By KENICHI OGURA
People who do not have a clear view of the nation and a consistent worldview are like jellyfish drifting in the sea! When I read “To the Leaders of Japan,” a book that could be called the last will and testament of former JR Tokai Chairman Takayuki Kasai, I felt as if Mr. Kasai, who is supposed to be dead, was being angry with me right in front of my eyes. Perhaps it is because I had the privilege of interviewing Mr. Kasai several times, but that was my first thought when I read his posthumous book.
As the de facto founder of JR Tokai, former Chairman Kasai was a shrewd businessman who transformed the battered Japan National Railways into one of the leading companies in Japan. Mr. Kasai described the state of Japan National Railways prior to the privatization of the company.
The situation of Japan National Railways at that time, when its management practically collapsed, was that it received over 700 billion yen in subsidies every year from the government. Nevertheless, the annual deficit amounted to 1 trillion yen. The main cause of this was low labor productivity, with labor costs accounting for nearly 90% of annual income and nearly 90% of the money earned going to wages.”
JR Tokai, which started with virtually ¥5 trillion in debt when it was split up and privatized, went through a fierce battle with labor unions and the dismantling of the Shinkansen Holding Organization, an organization created by the national government to prevent the private sector from autonomous management, through Kasai’s big-picture thinking and rationality. In the process, he was at times ridiculed as a political merchant, and at other times viewed as an enemy of the labor unions of the time, who argued that “inefficient management is what will defeat capitalism. However, Kasai’s resolute and unwavering stance helped transform JR Tokai into an efficient management organization.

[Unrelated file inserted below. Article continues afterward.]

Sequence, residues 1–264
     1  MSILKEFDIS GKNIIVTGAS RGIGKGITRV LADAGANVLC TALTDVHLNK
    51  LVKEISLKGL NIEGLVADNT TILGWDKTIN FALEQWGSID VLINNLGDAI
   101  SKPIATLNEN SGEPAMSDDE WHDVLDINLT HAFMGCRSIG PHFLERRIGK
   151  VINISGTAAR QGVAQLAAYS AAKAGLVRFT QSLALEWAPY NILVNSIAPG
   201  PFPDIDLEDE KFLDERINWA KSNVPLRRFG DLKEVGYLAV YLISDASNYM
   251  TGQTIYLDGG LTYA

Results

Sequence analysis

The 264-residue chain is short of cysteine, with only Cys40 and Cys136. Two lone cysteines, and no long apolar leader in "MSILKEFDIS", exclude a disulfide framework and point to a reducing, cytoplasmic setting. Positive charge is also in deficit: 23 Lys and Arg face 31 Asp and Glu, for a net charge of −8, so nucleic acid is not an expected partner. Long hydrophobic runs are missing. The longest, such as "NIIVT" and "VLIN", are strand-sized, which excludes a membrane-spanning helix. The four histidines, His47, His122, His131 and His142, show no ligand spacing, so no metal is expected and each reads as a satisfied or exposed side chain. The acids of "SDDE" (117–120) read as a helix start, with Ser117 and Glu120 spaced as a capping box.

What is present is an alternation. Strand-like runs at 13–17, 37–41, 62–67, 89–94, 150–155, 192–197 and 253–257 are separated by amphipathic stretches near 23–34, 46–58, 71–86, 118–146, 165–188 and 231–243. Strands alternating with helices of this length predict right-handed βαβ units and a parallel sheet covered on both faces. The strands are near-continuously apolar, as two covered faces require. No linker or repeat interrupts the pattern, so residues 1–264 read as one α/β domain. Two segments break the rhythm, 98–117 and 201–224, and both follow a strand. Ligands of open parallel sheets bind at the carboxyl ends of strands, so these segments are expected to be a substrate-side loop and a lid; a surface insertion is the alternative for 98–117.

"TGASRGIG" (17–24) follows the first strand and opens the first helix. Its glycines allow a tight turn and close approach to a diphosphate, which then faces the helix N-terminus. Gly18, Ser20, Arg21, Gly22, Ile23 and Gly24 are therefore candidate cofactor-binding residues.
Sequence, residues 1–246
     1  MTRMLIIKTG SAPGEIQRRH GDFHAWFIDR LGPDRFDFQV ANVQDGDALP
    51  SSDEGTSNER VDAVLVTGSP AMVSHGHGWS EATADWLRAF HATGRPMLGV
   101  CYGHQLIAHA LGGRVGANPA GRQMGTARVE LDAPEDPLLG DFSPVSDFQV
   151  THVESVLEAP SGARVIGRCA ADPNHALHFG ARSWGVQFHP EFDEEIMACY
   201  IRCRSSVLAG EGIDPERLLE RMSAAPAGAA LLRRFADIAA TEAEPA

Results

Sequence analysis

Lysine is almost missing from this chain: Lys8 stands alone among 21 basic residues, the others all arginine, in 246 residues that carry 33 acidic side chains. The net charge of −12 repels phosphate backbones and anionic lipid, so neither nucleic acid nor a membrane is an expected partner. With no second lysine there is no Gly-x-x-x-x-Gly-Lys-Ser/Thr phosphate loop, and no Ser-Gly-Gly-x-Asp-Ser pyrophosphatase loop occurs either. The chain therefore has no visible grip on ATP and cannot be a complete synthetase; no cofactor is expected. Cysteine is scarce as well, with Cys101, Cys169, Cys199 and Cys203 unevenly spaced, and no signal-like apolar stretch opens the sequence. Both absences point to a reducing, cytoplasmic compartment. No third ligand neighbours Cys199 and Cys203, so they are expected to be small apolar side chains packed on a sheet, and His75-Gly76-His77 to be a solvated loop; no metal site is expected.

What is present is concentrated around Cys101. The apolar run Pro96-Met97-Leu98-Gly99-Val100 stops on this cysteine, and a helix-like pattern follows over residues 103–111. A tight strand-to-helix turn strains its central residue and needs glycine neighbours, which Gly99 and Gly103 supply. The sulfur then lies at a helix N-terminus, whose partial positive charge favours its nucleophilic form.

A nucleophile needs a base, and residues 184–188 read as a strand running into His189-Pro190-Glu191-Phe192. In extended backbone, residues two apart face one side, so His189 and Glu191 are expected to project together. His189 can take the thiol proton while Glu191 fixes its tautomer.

What we can confirm about such rationality is the “rolling stock”: although not many people living in JR Tokai’s jurisdiction know this, the variety of rolling stock on JR Tokai’s local lines is very limited, with the same type of cars running on both the Tokaido Main Line and the Chuo Main Line. On the other hand, JR East has a wide variety of trains, such as the Yamanote Line, the Chuo Line, etc., with different colors of car bodies, the Sobu Rapid with double-decker green cars, and the Kururi Line running on diesel power.
Railroad columnist Kanaiko Azuma explains: “JR Tokai is different from other railway companies.
Unlike other railroad companies, JR Tokai has very few types of rolling stock. Most conventional lines have silver bodies with orange lines; JR East and Tokyo Metro have different colors of cars and trains for each line. JR East has many types of Shinkansen trains, such as “Komachi (E6 series)” and “Hayabusa (E5 series),” while JR Tokai has the N700 system with a uniform number of cars and seating arrangement. JR Tokai was the first to abolish the dining car, and JR Kyushu has so many variations of its trains that the variety itself has become a “selling point” for JR Kyushu to attract tourists. This difference can be seen, for example, in JR Tokai’s TV commercial “Let’s go to Kyoto,” in which the Shinkansen is not the main attraction, but the shrines and temples of Kyoto, which is the destination. In contrast, JR Kyushu’s “Nanatsuboshi in Kyushu” advertisement focuses mainly on the train ride, while JR Tokai’s ads are as generic as possible, indicating their emphasis on business efficiency. Some railroad fans may find this a little unsatisfactory.
Regarding the rationality of the trains and the elimination of the dining car, Mr. Kasai stated in his book